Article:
The list contains many films we can all breath a sigh of relief about seeing, but nothing totally unexpected. Every film is from a previous MIFF stalwart or respected auteur, particularly the Asian picks.
The full line-up from Cannes, after the bump.
Several award-winners make their way to the festival, some more distributor-friendly than others but if you just cannot wait, the following titles should satisfy you...
; Yorgos Lanthimos' (ScreenAnarchy review here
) Jury Prize-winning absurd satire of modern romance, starring Colin Farrell and Rachel Weisz.
; a spectacular take on the martial arts epic starring Shu Qi, which won the Best Director Award for the legendary Hou Hsiao-hsien (ScreenAnarchy review here
The measured, melancholy and very un-horror ghost story Journey to the Shore
, winner of the Un Certain Regard Best Director award, from horror master Kiyoshi Kurosawa, and The Treasure
, Corneliu Porumboiu's (12:08 East of Bucharest
) Un Certain Talent Prize-winning black comedy about Romanian bureaucracy.
Audiences can also catch Love, one of the most explicit and talked-about films from Cannes, in which master provocateur Gasper Noé (Enter the Void) takes on love, sex and money shots in 3D; the new film from Hirokazu Kore-eda, Our Little Sister, a gentle, domestic drama that follows the director's Cannes Jury Prize-winning Like Father, Like Son.
Also screening is Mountains May Depart
, a moving story of family and migration partly filmed in Australia from Jia Zhang-ke (ScreenAnarchy review here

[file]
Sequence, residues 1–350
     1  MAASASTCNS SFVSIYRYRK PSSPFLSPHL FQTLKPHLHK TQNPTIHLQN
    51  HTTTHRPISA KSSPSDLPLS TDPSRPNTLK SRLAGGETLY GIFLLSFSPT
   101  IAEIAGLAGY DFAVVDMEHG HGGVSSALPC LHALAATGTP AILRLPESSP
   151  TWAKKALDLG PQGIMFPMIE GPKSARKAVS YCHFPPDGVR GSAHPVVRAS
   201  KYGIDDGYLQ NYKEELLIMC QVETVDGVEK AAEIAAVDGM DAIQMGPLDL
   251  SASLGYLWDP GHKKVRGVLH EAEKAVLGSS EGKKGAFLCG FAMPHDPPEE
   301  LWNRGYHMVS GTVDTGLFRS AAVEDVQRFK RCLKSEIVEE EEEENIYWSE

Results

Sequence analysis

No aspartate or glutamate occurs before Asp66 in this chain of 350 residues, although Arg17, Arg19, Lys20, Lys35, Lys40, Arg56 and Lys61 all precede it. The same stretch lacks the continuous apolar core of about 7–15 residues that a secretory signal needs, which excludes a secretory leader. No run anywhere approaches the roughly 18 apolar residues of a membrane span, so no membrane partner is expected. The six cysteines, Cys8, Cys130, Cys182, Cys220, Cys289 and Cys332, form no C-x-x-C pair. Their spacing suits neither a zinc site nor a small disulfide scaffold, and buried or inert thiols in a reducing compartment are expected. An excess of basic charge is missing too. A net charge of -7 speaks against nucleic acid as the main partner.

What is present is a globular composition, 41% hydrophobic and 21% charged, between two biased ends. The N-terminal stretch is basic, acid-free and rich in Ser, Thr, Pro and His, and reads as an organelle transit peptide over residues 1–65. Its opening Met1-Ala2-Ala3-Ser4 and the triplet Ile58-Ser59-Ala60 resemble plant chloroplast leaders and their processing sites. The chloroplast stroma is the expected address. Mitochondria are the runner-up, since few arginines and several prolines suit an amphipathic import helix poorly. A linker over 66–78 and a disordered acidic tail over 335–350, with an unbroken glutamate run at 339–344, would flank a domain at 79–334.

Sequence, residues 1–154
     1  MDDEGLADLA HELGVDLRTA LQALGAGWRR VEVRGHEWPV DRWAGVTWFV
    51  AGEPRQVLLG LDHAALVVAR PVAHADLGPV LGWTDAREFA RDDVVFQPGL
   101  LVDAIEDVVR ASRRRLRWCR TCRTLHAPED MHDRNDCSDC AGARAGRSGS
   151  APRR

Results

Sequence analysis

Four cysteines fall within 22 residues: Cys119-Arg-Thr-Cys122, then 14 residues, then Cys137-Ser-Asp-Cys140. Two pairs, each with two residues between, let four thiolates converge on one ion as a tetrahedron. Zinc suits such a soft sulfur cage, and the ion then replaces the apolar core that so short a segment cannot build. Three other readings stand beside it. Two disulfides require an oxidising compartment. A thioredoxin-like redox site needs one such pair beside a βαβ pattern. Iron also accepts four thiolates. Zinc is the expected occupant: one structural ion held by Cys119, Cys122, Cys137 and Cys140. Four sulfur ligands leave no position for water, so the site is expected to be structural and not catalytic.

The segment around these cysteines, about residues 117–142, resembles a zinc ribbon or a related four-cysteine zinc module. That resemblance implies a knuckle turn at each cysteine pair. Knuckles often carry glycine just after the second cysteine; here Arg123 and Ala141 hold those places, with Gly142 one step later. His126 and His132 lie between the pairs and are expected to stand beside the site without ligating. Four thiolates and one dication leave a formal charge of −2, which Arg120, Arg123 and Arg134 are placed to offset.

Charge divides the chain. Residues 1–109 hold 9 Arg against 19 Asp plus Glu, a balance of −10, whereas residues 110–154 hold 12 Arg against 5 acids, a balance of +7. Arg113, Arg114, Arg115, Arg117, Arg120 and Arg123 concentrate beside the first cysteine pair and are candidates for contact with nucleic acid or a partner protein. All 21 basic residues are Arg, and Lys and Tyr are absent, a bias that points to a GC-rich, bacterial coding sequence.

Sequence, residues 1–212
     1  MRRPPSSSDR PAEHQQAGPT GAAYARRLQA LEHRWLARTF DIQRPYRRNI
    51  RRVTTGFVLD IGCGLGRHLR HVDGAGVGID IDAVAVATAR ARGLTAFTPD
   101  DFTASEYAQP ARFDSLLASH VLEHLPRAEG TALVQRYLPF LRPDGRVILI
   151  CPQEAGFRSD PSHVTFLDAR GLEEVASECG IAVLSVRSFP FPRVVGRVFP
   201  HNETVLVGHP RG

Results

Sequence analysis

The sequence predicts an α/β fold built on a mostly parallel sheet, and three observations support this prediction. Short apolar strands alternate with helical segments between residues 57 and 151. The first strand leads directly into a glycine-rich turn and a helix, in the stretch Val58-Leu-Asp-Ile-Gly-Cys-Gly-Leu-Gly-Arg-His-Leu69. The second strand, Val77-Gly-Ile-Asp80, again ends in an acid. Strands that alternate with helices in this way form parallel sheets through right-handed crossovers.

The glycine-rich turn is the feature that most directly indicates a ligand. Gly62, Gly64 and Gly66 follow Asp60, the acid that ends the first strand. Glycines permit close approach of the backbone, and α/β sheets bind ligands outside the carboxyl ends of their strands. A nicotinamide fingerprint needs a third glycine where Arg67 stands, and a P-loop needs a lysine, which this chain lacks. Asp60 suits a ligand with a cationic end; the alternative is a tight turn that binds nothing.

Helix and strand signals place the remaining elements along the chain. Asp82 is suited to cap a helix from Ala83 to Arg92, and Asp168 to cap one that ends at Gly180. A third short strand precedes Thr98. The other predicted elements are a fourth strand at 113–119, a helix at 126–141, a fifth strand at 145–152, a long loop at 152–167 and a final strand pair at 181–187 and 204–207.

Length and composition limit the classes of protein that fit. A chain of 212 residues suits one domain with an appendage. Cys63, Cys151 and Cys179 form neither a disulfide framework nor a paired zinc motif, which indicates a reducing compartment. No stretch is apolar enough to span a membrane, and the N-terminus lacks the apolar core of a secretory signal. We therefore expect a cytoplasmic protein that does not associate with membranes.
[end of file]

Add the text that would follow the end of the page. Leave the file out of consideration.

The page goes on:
); and Louder than Bombs
, the English-language debut for Norway's Joachim Trier (Oslo, 31 August
), starring Gabriel Byrne, Jesse Eisenberg, and Isabelle Huppert.
From Cannes' Un Certain Regard category, MIFF will screen Japanese director Naomi Kawase's (Still the Water) An, a bitter-sweet tale of old wounds and new beginnings; Cemetery of Splendour, Apichatong Weerasethakul's first full-length feature since his Palme d'Or-winning Uncle Boonmee Who Can Recall His Past Lives.
The Chosen Ones, David Pablos' uncompromising second feature highlighting the violence of human trafficking in Mexico; and The High Sun, writer/director Dalibor Matanić's heart-wrenching film about three different couples thrown together by war.
Films from Cannes Directors' Fortnight include In the Shadow of Women, an examination on the vagaries of modern relationships from legendary French auteur Philippe Garrel (Jealousy); Miguel Gomes' ambitious and multi-faceted critique of modern-day Portugal in his trilogy Arabian Nights comprising Volume 1, The Restless One, Volume 2, The Desolate One and Volume 3, The Enchanted One; and Takashi Miike's Yakuza Apocalypse: The Great War of the Underworld, filled with rampaging violence, slapstick, volcanoes, animation, giant monsters and vampire gangsters.
Also from Directors' Fortnight: My Golden Days
, a stunning coming-of-age tale featuring Mathieu Amalric, from feted French film-maker Arnaud Desplechin (ScreenAnarchy review here
); and Rick Famuyiwa's Dope
, about a self-confessed geek living in one of LA's roughest hoods, narrated by Forest Whitaker and starring A$AP Rocky (ScreenAnarchy review here
Films from Cannes Critics' Week are: Krisha
, Trey Edwards' intensely personal film shot over nine days in his parents' house (ScreenAnarchy review here
); the South Korean box-office hit and gangster genre film Coin Locker Girl
, from first-time director Han Jun-hee (ScreenAnarchy review here
); and Meditarranea
, Jonas Carpignano's feature debut inspired by real events, including the 2010 Rosano race riots in Southern Italy (ScreenAnarchy review here
Two directors I care little for (Jia Zhang-ke and Hou Hsiao-hsien) have me extremely excited for their latest films and although Sony have The Lobster the release will likely be much later in the year so I will be definitely catching that at MIFF. I will be avoiding An like the plague.
If you are attending the fest which Cannes films have you most excited? Sound off below.